As wearable technology becomes more widely used by consumers to text with friends or measure fitness activity, the devices are becoming more widely used across a wide range of industries to help with workers’ safety and return to work after an injury.
Wearable technology is typically thought of as fitness trackers and smart watches, but wearable technology includes any advanced electronic device with sensors that can be worn or carried on the body. A wearable transmits the data through a network connection which can be either cellular, Wi-Fi, Bluetooth or GPS. The smartphone would be considered a wearable since it offers a diversity of built-in technologies to measure a variety of aspects of people’s lives.
There are two types of wearables, active and passive. Passive wearables are any device that monitors motion, air quality or other environmental factors. Passive wearables can also transmit real-time safety warnings to workers’ phones or other hardware. Passive wearables can also deliver ergonomics and safety reports to managers.
“Employers can then use the information gathered from the passive wearable to implement process changes and new safety policies,” Brian Ricketts, loss control manager for LUBA Workers’ Comp, told the Reporter during a Microsoft Teams virtual conference.
An active wearable usually comes with its own hardware and software.
Although the use of wearables is being tested by insurance companies and other employers, the potential of wearables is still in the proof of concept stage. Some companies are expressing interest in exploring uses for wearables as advances are made. Only a handful of larger companies have piloted the technology because it is expensive.
“Active wearables can immediately impact a worker’s performance on a particular task,” Ricketts said. “For example, exoskeletons allow people to lift heavy objects without straining their backs,” Ricketts added. According to the LUBA News Winter 2020 edition “Wearables in the Workplace,” Delta Air Lines is testing the Sarco Guardian XO, a battery powered full-body exoskeleton designed to enable the user to lift up to 200 pounds repeatedly for up to eight hours at a time without strain or fatigue.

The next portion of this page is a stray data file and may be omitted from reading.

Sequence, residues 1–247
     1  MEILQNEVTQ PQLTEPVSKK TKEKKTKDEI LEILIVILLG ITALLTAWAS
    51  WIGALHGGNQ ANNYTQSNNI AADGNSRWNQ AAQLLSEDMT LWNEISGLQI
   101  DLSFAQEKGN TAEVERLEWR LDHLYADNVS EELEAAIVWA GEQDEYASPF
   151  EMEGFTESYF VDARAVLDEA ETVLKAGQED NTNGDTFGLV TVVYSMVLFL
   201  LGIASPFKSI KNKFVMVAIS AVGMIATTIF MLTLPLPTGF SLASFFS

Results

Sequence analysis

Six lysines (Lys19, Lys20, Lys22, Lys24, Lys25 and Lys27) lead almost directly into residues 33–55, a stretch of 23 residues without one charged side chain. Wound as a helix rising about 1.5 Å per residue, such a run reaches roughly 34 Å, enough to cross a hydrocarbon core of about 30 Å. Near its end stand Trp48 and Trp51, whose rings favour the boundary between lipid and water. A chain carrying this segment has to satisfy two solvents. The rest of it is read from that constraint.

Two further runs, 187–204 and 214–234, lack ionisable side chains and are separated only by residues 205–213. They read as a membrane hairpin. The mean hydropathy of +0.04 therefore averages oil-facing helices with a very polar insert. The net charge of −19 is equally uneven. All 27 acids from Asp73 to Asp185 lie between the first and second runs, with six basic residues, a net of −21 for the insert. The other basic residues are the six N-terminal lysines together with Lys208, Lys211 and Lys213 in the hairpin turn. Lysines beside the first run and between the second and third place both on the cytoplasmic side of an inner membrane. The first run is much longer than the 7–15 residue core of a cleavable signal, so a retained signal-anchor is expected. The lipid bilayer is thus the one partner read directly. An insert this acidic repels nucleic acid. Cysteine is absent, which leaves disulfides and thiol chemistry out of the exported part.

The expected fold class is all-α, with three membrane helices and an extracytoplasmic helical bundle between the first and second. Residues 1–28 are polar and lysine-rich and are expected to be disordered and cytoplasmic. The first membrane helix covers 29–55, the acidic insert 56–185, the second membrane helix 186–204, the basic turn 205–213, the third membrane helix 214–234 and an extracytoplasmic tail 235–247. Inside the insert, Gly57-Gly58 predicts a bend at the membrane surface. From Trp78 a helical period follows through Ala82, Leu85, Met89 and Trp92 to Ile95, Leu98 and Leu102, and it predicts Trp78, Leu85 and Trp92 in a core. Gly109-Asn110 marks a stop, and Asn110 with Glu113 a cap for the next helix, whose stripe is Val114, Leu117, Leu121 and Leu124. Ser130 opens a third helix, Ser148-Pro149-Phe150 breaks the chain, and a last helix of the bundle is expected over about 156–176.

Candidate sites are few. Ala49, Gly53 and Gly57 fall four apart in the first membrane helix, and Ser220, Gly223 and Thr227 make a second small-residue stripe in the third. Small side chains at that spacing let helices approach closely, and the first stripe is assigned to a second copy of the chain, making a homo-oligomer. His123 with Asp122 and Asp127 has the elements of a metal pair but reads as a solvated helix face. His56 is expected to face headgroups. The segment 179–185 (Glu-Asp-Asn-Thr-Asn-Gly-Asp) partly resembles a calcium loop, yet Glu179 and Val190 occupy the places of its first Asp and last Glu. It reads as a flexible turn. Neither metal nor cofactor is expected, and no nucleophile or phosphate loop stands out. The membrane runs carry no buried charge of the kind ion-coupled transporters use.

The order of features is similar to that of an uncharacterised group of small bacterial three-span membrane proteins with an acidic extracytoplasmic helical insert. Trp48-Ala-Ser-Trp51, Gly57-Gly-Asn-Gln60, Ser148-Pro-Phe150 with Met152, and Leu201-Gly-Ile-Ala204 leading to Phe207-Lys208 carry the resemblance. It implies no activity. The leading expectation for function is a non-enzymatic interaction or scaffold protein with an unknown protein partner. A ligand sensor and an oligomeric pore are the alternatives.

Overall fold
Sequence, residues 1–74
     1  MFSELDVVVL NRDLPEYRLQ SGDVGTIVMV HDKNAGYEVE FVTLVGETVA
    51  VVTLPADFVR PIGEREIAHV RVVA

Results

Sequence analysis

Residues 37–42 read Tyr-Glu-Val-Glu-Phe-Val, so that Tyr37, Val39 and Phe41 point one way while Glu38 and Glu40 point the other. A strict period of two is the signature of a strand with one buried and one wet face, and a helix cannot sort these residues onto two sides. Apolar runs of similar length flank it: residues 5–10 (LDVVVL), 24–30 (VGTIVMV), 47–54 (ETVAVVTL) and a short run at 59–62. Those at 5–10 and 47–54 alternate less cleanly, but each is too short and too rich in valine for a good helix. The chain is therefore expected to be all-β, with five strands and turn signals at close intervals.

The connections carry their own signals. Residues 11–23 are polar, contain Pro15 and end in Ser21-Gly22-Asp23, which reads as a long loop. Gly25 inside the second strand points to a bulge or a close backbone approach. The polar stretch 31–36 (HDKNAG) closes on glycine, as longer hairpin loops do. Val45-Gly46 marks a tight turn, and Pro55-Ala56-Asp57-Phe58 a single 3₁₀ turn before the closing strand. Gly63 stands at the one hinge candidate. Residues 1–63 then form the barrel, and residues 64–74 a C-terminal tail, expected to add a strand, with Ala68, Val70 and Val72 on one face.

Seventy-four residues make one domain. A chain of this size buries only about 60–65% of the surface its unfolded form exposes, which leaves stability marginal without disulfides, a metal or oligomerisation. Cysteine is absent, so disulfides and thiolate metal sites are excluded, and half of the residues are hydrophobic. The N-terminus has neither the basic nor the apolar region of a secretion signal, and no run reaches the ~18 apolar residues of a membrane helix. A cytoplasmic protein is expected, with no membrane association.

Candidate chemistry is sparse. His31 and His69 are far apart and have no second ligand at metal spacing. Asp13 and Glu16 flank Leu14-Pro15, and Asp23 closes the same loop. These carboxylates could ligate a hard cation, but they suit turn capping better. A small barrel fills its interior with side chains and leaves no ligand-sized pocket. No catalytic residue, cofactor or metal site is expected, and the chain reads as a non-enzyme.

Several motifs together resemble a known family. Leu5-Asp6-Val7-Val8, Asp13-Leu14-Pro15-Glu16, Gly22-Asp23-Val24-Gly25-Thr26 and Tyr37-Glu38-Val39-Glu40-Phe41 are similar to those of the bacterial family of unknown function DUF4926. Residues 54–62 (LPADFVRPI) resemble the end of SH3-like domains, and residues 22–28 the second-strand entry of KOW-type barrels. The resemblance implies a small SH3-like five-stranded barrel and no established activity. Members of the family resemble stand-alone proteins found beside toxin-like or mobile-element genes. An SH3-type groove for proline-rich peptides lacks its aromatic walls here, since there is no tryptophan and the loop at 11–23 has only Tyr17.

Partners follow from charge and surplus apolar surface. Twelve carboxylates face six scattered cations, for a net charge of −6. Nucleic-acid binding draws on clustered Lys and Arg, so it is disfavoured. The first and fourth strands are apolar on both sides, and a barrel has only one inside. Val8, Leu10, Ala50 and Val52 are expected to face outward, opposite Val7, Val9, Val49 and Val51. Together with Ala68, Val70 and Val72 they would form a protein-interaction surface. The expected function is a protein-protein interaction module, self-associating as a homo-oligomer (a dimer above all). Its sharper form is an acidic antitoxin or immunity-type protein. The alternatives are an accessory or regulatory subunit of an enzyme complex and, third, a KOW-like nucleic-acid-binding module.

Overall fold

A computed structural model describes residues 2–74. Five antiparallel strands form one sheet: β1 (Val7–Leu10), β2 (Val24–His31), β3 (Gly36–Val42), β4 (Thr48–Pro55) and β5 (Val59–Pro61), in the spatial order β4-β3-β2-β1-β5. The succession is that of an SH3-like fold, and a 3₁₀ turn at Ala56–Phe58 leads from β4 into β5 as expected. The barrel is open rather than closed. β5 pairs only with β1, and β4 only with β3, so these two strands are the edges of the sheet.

In addition the article goes on to report that General Motors and NASA have spent time working with Bioservo, a manufacturer in Sweden, to create the Robo-Glove. The Robo-Glove uses tendon like features to increase grip strength and reduce strain.
Employers are always looking at ways to improve employee safety, and utilizing wearable technology is one way that an employer can improve employee safety.
“The benefits of wearables at work include preventing injuries, keeping aging workers on the job longer, reducing the threat of automation, measuring environmental conditions, relaying real-time data collection, and analyzing historic trends,” Ricketts said.
Ricketts, citing information from the National Safety Council, told the Reporter that the most common workplace injuries stem from overexertion such as lifting, lowering and repetitive motion; being struck or caught in a piece of equipment, or slips, trips and falls.
People often think of wearable technology as just devices aimed at the fitness market. But in some work environments that are hazardous, with some employees working in areas that are remote or possibly in dangerous settings, wearable technology can save lives.